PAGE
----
Why do ill-conceived energy regulations and other bureaucratic red tape ultimately lead to greater electricity costs for consumers? As this thoughtful article in the Wyoming Business Report explains, utilities are striving to use a greater variety of energy sources while operating responsibly and ensuring a reliable supply of affordable energy – but it’s extremely difficult in an uncertain regulatory environment. 

Keeping electricity affordable is extra important for older Americans, an AARP report notes. Seniors 65 or older devote a significantly greater share of their spending to utilities than those under 50 years. And electricity accounts for the biggest chunk of the utility bills of those over 50. 

You’ve seen us on the web. Now look for us in your local newspaper or listen for us on the radio. Keep Electricity Affordable is turning up the volume on our message with an ad campaign that highlights how we all depend on affordable electricity – and why we can’t afford to take it for granted.

The newspaper and online ads depict a maze standing between a plug and a wall socket. “It shouldn’t be this hard to get affordable electricity,” the newspaper ad notes, adding: “We can’t have electricity caught in a maze of flawed regulations and mandates.”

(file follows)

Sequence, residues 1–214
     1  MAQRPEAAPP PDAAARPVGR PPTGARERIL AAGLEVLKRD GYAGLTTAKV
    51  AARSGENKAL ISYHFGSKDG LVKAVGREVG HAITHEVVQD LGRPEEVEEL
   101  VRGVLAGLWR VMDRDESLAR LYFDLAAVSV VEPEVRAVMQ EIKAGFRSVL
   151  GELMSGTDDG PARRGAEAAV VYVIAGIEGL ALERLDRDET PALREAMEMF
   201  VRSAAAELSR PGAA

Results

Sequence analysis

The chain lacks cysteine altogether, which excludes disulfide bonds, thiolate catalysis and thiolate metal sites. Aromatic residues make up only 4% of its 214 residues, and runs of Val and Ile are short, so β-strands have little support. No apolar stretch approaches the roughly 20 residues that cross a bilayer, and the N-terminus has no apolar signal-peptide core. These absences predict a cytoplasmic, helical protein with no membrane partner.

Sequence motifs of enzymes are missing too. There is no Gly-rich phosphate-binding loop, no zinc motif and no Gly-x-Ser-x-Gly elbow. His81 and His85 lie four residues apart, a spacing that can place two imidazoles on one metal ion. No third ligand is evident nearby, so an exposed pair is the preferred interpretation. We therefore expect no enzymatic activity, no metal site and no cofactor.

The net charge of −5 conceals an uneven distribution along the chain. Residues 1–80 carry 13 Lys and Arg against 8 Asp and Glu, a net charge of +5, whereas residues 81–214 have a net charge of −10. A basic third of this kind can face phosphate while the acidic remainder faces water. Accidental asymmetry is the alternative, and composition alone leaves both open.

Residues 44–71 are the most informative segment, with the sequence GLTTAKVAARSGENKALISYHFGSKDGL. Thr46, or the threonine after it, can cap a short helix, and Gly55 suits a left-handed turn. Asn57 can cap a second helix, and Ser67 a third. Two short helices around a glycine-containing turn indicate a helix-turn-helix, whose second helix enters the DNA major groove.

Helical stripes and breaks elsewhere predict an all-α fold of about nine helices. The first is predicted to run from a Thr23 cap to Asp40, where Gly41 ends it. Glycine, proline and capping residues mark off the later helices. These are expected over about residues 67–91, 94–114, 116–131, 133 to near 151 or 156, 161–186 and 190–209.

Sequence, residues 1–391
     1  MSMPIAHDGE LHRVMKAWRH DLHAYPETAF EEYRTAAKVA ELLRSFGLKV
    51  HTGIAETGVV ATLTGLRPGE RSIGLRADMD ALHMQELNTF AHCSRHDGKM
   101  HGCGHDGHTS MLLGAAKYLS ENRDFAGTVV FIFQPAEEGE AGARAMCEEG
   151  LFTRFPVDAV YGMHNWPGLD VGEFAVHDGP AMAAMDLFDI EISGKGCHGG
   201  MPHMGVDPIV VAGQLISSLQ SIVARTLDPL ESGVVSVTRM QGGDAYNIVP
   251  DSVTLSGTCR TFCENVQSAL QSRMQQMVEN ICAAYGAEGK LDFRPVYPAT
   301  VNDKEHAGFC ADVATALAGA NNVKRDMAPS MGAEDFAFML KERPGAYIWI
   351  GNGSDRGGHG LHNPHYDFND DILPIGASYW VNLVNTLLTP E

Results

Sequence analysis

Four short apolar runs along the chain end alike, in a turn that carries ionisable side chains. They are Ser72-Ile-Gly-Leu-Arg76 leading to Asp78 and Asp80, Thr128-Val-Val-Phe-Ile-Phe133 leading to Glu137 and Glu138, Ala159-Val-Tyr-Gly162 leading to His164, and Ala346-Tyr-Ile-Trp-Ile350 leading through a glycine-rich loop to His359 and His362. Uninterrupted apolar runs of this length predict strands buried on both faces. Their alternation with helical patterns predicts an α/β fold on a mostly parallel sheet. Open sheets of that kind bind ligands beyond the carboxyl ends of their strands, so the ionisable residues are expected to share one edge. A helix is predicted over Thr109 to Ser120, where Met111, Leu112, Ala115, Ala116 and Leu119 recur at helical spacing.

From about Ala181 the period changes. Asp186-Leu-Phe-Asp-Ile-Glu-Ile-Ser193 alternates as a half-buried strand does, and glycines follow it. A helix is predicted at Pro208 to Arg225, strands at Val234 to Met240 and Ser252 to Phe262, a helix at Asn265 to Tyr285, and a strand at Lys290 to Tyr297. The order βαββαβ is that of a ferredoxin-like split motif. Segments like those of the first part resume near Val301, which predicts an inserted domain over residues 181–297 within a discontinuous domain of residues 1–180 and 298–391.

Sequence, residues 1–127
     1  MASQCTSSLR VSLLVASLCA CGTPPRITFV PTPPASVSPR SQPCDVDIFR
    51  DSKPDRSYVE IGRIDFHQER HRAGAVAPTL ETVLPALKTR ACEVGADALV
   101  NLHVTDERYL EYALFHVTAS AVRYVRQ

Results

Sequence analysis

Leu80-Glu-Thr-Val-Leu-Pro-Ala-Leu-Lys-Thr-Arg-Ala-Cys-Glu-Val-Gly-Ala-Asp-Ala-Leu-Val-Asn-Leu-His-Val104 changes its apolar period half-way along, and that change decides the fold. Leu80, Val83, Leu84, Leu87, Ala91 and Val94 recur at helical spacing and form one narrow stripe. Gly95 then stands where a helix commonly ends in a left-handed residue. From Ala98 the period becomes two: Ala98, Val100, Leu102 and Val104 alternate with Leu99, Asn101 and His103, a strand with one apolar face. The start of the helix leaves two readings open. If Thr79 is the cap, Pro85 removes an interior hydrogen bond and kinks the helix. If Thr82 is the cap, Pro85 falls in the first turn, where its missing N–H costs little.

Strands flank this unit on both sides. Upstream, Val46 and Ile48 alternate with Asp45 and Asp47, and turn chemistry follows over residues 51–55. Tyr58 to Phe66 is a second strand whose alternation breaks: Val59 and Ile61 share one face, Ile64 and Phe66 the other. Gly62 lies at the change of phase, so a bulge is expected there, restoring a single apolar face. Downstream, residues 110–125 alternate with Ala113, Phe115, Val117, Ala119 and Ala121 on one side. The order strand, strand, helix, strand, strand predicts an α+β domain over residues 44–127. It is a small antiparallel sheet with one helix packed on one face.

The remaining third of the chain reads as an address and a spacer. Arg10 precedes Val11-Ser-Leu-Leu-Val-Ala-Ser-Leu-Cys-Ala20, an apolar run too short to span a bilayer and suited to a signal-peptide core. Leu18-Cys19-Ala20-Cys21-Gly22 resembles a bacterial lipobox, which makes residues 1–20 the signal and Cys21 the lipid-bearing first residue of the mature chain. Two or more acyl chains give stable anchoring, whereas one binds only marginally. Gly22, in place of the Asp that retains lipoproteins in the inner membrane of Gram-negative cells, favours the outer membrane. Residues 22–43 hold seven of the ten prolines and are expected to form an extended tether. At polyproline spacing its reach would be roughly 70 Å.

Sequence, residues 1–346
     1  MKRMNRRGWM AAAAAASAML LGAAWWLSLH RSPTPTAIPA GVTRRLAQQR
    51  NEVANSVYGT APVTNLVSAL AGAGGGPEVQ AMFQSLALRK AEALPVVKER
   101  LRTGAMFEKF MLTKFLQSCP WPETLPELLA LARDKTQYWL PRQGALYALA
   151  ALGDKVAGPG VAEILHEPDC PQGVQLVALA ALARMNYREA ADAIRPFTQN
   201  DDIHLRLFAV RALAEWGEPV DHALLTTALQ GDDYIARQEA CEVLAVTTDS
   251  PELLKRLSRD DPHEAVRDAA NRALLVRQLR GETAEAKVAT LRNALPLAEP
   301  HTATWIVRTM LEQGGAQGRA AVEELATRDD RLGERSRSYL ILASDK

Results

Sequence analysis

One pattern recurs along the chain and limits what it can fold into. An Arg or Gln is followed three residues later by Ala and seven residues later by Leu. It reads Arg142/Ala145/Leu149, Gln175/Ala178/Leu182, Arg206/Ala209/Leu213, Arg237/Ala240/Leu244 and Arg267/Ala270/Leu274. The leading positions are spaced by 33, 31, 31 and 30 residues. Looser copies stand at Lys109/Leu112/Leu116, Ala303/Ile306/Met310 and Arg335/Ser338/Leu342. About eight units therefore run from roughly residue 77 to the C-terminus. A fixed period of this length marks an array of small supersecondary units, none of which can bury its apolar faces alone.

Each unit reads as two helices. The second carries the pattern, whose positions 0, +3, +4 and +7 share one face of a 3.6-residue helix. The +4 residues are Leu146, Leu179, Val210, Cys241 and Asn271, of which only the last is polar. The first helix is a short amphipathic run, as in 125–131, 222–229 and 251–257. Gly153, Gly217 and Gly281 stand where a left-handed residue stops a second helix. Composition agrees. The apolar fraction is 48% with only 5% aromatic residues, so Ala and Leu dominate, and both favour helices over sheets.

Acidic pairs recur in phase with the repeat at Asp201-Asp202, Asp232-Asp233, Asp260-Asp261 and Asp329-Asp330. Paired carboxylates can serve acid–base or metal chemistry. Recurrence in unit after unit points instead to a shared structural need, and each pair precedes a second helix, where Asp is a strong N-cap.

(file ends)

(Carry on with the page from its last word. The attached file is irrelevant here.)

When we first heard about NBC’s new show “Revolution” we were intrigued. “Revolution” follows a family struggling to reunite after every single piece of technology - computers, planes, cars, phones, even lights - has mysteriously blacked out forever.

Three million East Coast residents are learning firsthand how much they depend on electricity after damaging storms in late June cut a wide swath through an area extending from New Jersey to West Virginia. These compelling before and after photos from space paint a striking picture of the extent of the outages.

A recent Washington Post editorial spurred by the outrageous comments of a former Environmental Protection Agency (EPA) official provides a concise and eloquent reprimand to a federal agency that lately has acted too big for its taxpayer-funded britches.